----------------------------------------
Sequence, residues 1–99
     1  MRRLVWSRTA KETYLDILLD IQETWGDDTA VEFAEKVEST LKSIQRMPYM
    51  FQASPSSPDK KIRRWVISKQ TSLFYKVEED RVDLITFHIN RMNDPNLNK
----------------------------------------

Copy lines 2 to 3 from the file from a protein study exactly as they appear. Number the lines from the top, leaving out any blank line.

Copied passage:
     1  MRRLVWSRTA KETYLDILLD IQETWGDDTA VEFAEKVEST LKSIQRMPYM
    51  FQASPSSPDK KIRRWVISKQ TSLFYKVEED RVDLITFHIN RMNDPNLNK